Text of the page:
information is included on the plan.
The multi-stringered circular section fuselage is built around a horizontal crutch,
first made over the plan view. By applying half-formers and lining up with master
stringers, the torpedo like fuselage is soon taking shape. Cowling is not at all
involved, and the only part likely to bog down the novice is the large spinner.
While it might not be a scale model any longer, the Bristol Monoplane could very
well be flown without the spinner if need be.
Wings are one-piece with ingenious seating on the fuselage for knocking-off in
the event of a crash, and the transparent sections for pilot downward visibility
add to the appearance of centre section weakness although in fact the wing is very
strong. Cabane and bracing over the wing are dummy only, not contributing to strength.
All tail surfaces are sheet, and inset stiffeners in the tailplane prevent warping.
What could be more simple? Wing tip washout and the flat bottomed airfoil are non-scale
aids to model stability, permitting a wide centre of gravity position tolerance
although the ideal balance point is that shown on the plan.
Coloured olive drab on the upper surfaces and buff on the undersides, with the
roundels outlined in white, the Monoplane can fly on a scale prop diameter of 12
inches, even with only 1 c.c. power. The Davies-Charlton Spitfire used on the prototype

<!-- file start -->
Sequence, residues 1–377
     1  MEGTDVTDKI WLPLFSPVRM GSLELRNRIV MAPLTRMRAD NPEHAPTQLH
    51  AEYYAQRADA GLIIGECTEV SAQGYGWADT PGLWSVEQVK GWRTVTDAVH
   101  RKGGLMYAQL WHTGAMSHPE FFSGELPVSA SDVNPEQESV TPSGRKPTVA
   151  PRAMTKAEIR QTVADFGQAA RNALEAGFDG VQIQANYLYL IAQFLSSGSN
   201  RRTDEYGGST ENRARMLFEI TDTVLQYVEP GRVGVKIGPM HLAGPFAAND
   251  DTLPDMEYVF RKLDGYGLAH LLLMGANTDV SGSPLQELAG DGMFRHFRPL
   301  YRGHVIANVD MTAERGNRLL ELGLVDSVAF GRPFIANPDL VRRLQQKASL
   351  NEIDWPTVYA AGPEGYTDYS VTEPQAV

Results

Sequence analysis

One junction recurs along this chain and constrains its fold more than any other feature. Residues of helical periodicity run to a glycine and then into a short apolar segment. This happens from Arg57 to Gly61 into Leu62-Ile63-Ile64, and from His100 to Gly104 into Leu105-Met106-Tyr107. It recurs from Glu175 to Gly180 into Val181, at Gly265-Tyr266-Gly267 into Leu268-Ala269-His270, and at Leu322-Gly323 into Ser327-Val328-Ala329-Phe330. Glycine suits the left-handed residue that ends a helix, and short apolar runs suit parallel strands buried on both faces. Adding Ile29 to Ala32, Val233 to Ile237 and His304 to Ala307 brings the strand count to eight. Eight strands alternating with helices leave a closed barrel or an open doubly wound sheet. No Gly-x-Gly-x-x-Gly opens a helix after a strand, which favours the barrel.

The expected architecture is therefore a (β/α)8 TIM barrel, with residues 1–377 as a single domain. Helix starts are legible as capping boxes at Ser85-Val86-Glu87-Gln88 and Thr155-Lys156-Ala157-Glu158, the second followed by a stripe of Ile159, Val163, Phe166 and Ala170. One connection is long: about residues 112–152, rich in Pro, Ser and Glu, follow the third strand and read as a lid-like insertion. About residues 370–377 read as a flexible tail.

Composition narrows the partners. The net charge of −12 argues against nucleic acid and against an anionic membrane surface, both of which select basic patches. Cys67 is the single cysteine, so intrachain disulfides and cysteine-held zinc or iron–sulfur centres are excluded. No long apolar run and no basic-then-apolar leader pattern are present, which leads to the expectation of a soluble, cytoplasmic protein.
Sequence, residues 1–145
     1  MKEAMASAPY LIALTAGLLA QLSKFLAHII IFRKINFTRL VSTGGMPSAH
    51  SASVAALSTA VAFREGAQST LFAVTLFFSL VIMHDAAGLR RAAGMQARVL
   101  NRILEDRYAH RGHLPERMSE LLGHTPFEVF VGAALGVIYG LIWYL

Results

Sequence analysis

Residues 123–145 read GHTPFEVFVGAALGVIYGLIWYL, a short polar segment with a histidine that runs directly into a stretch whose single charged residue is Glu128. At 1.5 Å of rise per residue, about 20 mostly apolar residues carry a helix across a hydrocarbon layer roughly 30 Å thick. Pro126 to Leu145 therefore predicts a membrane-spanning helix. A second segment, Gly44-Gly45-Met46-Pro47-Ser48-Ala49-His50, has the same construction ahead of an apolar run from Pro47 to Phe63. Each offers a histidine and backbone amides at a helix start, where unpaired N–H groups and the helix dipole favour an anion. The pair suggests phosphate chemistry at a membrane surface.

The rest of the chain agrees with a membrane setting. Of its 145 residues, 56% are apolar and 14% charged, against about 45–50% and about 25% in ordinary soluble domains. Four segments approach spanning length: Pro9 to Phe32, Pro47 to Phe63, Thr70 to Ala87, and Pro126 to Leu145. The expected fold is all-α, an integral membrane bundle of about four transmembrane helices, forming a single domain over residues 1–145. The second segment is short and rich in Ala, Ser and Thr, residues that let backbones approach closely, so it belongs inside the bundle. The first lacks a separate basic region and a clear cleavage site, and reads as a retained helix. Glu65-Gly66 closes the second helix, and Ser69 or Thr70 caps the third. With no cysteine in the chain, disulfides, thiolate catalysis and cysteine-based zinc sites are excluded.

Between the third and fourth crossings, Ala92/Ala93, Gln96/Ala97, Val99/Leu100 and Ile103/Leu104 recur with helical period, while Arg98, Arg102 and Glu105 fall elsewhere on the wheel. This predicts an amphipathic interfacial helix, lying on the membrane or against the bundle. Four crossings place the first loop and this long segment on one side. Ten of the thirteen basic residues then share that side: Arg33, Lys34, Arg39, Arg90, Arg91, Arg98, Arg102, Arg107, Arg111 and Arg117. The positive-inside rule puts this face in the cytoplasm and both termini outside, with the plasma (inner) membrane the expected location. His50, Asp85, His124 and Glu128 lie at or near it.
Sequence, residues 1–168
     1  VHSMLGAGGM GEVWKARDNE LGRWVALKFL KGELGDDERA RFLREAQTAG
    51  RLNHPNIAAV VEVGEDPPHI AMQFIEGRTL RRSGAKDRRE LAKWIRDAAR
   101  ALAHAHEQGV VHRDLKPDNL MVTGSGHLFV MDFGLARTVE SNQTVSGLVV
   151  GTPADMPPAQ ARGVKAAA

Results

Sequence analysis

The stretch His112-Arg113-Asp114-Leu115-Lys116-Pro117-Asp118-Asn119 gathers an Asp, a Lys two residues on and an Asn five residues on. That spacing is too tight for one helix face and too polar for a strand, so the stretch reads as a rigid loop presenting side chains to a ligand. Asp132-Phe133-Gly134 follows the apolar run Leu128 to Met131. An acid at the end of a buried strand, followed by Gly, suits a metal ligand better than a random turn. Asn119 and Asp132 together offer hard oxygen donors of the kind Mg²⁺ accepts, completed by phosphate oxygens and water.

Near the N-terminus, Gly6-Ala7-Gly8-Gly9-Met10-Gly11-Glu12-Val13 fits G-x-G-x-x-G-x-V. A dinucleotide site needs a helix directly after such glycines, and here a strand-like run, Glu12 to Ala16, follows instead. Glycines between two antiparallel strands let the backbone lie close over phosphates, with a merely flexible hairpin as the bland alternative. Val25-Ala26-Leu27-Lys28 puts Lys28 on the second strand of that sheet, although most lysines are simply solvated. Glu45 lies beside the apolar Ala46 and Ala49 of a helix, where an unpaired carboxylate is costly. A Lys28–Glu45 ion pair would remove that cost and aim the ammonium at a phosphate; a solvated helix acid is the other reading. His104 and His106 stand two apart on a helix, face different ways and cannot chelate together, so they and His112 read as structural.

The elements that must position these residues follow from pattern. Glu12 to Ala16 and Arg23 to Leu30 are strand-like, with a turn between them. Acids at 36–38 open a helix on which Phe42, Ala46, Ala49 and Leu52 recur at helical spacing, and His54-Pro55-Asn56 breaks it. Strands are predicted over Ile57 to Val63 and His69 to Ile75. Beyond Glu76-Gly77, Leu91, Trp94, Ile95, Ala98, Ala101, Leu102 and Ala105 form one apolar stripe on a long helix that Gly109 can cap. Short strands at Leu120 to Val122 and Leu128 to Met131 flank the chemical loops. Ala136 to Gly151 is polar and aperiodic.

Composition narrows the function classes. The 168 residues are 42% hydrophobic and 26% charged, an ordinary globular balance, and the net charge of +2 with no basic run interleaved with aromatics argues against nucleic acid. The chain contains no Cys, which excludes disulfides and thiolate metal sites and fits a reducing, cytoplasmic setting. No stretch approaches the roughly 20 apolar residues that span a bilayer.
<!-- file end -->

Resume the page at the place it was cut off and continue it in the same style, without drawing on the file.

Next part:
was turning very slowly indeed; but nevertheless most surely with so large a fan
when on test flights. For the man who wants his realism to come without too much
effort we cannot think of a more suitable choice than this World War I subject.
Bristol Monoplane Scout
Full size copies of this 1/7th scale reproduction are available price 8s. Including
post from plans service, quote plan FSP 759 when ordering.
The AMA Plans Service offers a
full-size version of many of the plans show here at a very reasonable cost. They
will scale the plans any size for you. It is always best to buy printed plans because
my scanner versions often have distortions that can cause parts to fit poorly. Purchasing
plans also help to support the operation of the
Academy of Model Aeronautics - the #1
advocate for model aviation throughout the world. If the AMA no longer has this
plan on file, I will be glad to send you my higher resolution version.
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Posted February 11, 2023
(updated from original
post on 12/13/2014)